Abnormal Heart Rhythm Originating in the Atria
Atrial fibrillation (AF) is an abnormal heart rhythm originating in the atria, the top two chambers of your heart.
Most Common Irregular Heart Rhythm
AF is the most common irregular heart rhythm. The disorder afflicts 2.2 million Americans.
Normal Heart Rhythm vs. Atrial Fibrillation
Normal Heart Rhythm
Coordinated and Sequential Electrical Impulse
When the heart pumps blood to the rest of the body, a small area in the right atrium sends an electrical impulse across your entire heart muscle.
50 to 90 Beats Per Minute
Normally, the impulse is sent 50 to 90 times per minute, which causes your heart muscle to contract in a coordinated and sequential fashion -- first the atria (the top two chambers of your heart) and then the ventricles (the bottom two chambers).
Blood Pumps Properly Through Heart Chambers
As your heart contracts, blood moves from the right atrium into the right ventricle and then the lungs to be filled with oxygen. The blood returns from the lungs to the left atrium and ventricle to be pumped to the rest of your body, including the heart muscle itself. This gives your heart the energy to keep pumping.
Rapid and Chaotic Electrical Impulse
During atrial fibrillation, the atria beat irregularly and chaotically. The electrical impulse does not move in an orderly fashion through the heart. Instead, many small impulses spread through the atria, causing a rapid and disorganized heartbeat.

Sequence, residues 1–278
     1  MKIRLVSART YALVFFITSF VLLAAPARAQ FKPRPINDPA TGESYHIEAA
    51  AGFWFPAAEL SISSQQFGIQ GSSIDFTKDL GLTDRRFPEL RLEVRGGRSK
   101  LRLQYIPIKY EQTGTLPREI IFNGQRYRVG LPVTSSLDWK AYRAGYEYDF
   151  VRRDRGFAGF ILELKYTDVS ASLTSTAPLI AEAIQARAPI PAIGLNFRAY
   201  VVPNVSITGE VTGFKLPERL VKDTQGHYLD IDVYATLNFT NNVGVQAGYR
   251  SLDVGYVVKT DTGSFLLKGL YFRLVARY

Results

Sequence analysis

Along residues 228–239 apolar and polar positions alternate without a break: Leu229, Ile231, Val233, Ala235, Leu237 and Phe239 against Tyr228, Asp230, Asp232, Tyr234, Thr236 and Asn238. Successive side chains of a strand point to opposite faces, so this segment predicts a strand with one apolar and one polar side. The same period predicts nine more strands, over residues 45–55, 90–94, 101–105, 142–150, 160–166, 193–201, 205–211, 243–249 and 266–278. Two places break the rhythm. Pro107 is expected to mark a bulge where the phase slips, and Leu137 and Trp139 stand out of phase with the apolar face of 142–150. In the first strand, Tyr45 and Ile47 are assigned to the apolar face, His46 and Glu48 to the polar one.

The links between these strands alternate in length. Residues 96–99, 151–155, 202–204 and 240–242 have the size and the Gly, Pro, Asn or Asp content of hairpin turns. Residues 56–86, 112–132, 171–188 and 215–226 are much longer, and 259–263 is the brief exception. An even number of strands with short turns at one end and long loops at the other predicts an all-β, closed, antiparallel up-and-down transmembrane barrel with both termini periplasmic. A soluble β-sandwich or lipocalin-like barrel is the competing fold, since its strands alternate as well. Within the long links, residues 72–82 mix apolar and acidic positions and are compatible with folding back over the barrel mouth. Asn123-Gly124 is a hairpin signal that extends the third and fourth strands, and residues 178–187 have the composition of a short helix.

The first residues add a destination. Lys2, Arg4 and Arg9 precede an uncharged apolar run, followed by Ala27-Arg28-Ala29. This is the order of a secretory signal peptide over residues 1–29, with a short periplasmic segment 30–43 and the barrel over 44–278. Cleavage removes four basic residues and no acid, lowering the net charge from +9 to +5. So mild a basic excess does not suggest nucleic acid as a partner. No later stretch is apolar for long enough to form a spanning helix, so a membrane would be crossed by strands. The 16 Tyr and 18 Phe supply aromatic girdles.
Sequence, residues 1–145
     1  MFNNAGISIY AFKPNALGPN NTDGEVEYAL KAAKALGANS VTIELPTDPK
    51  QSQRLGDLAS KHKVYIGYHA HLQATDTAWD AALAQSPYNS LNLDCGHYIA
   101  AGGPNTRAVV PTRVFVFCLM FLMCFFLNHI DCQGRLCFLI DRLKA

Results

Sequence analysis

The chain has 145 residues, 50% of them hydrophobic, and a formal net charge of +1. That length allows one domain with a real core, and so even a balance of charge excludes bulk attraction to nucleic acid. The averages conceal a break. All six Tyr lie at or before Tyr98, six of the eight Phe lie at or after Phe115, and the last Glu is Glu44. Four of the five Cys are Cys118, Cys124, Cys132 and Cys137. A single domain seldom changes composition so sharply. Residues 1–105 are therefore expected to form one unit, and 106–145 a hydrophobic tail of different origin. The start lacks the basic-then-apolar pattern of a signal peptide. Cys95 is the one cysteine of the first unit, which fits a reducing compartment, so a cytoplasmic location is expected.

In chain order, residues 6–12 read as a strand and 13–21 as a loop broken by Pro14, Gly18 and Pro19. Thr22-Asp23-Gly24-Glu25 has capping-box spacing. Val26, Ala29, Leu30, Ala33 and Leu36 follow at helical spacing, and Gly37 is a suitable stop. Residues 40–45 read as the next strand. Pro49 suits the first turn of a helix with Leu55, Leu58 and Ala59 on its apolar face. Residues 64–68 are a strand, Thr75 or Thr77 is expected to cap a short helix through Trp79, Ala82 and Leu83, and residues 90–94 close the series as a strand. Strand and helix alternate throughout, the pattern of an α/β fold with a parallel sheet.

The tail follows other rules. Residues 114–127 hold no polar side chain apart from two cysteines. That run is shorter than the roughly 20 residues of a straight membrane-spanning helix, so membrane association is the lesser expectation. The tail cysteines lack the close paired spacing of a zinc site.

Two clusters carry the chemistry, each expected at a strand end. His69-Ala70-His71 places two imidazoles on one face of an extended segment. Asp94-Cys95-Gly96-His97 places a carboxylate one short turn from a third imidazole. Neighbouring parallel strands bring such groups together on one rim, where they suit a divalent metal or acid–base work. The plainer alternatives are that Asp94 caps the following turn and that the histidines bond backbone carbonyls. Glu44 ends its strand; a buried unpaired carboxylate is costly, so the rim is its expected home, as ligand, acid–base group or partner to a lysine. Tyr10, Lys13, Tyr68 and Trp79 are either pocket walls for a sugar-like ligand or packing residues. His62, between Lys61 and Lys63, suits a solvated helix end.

300 to 600 Beats Per Minute
The rate of impulses through the atria can range from 300 to 600 beats per minute. They collide and compete with each other. As a result, the atria don't contract in their usual coordinated fashion. Instead, they quiver or "fibrillate."
Atria Does Not Completely Empty
Without a strong, coordinated contraction, the atria don't empty as well as they should with each heartbeat. Some of the blood that normally would get pumped into the ventricles remains in the atrium.
May Lead to an Embolism or Stroke
This can lead to the development of small blood clots in the atrium. If these small clots get pumped to the body, it is known as an embolism. If the clot goes to the brain it can cause a stroke.
May Cause Palpitations
Besides affecting the atria, atrial fibrillation has an effect on the ventricles as well. The small, rapid impulses from the quivering atria bombard the ventricles, causing an irregular pulse. This results in palpitations.
Types of Atrial Fibrillation
- In some patients, AF can come and go. This is called
paroxysmal atrial fibrillation.
- In others, the condition occurs all the time. This is called
longstanding persistent atrial fibrillation.
Can Lead to Medical Complications
AF typically is not life-threatening, but is an emergency, as it can lead to complications, including stroke and heart failure. Fortunately, there are a number of effective treatments for AF.